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Versailles: the glorious palace that also brought drama

The Palace of Versailles remains one of the most visited palaces in the world. However, it served as the home of the French court for over a century. 

In the 1620s, King Louis XIII built a small hunting lodge west of Paris near Versailles, a small village. While the King enjoyed escaping to the lodge, courtiers did not as it was a swampy forest. Louis then had a small chateau built there in the early 1630s. 

While the young Louis XIV spent some time there with his grandfather in the early 1640s before taking the throne but did not return until the 1650s when he would hunt with his friends there.

It was in 1661 after his first minister’s death that Louis decided to commission a palace at Versailles. Several architects worked on different parts of the new Baroque palace, at first adding apartments onto the original hunting lodge.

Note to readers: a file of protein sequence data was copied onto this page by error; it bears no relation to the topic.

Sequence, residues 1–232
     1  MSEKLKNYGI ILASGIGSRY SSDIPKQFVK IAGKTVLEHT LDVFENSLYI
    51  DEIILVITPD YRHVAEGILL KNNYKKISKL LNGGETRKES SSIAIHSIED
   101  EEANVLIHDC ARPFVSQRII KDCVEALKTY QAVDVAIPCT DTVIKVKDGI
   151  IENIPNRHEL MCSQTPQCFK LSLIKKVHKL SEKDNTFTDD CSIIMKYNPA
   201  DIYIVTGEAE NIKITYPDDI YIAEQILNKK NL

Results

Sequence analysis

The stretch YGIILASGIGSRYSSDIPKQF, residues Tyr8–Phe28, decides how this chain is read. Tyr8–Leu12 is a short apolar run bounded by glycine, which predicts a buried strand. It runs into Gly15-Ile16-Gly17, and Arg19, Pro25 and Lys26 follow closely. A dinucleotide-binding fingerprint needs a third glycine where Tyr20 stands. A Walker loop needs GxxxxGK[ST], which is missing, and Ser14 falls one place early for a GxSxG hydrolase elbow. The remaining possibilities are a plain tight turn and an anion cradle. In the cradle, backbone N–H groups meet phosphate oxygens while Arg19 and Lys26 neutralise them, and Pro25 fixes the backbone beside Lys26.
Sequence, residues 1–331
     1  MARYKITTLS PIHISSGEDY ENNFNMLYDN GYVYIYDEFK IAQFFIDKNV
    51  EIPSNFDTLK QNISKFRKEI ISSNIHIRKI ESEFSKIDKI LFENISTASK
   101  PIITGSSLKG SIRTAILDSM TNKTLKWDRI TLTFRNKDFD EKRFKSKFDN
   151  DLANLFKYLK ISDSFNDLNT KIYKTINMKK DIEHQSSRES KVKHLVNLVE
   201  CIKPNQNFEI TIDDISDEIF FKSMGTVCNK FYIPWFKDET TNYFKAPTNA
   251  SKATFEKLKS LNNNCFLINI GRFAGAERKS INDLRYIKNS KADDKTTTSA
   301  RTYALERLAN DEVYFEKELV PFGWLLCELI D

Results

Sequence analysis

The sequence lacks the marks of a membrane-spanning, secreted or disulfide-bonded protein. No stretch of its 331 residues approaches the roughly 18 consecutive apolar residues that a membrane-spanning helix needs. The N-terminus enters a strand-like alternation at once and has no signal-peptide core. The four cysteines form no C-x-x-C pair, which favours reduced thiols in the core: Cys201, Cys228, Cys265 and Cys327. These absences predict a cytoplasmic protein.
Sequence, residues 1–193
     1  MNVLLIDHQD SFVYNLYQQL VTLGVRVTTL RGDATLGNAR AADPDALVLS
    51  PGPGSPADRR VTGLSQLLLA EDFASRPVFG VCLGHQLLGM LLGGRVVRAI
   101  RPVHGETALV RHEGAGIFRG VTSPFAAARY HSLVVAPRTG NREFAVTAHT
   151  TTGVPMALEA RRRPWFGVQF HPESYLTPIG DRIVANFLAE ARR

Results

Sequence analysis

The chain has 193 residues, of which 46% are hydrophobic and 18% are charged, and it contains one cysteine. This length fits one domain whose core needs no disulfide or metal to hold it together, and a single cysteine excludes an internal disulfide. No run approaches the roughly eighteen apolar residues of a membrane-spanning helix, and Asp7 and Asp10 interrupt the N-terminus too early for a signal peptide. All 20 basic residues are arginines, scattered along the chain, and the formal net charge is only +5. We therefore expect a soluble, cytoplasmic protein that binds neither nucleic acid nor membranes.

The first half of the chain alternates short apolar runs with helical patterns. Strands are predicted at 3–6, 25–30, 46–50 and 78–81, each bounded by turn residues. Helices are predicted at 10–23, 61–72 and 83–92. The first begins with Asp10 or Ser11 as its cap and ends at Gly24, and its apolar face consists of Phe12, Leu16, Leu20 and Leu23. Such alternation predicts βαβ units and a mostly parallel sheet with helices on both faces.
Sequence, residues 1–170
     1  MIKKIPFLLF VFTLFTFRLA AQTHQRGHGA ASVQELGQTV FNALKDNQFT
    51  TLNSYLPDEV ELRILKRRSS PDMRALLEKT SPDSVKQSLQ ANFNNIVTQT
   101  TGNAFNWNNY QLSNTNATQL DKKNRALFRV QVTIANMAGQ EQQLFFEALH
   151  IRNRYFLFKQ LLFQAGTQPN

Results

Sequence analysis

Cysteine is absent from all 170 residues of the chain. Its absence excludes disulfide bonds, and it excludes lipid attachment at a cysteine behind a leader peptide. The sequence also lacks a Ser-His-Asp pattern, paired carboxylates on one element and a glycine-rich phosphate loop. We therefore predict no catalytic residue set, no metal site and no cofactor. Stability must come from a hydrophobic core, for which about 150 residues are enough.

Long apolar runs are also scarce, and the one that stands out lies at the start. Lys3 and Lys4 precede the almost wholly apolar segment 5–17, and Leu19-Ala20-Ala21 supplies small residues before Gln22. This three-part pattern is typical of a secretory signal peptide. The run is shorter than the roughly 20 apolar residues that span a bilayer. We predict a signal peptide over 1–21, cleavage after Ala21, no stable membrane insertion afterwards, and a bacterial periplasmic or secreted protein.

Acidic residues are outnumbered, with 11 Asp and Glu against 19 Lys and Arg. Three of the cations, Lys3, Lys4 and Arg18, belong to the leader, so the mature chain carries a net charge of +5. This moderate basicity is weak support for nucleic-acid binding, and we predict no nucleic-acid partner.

Construction would continue on for several decades. The world-famous Hall of Mirrors was built from 1678 to 1681 while the Royal Chapel was to be the last major piece built during Louis XIV’s reign. 

The King decided that the court would permanently move to Versailles in the early 1680s. The nobility scrambled to find apartments in the palace as space was incredibly limited in the chaotic building site. 

Courtiers were required to follow Louis’s increasingly complicated rules and styles at Versailles, with an incredibly rigid hierarchy enforced through etiquette, performance, and backstabbing. 

After Louis XIV’s death, Louis XV and Louis XVI continued the tradition of the court remaining at Versailles. Both monarchs made interior changes to the palace but did not commission major building projects. 

Versailles was seized during the French Revolution, as were most other royal properties. Napoleon did live there while Emperor but the last two French monarchs did not. King Louis Philippe I turned the palace into a museum dedicated to the “Glories of France”. 

The Palace of Versailles is now used for several political functions, as well as serving as a site that visitors can enjoy. The President of France often hosts state banquets at the Palace, and it has been the site of the signing of several notable treaties. 

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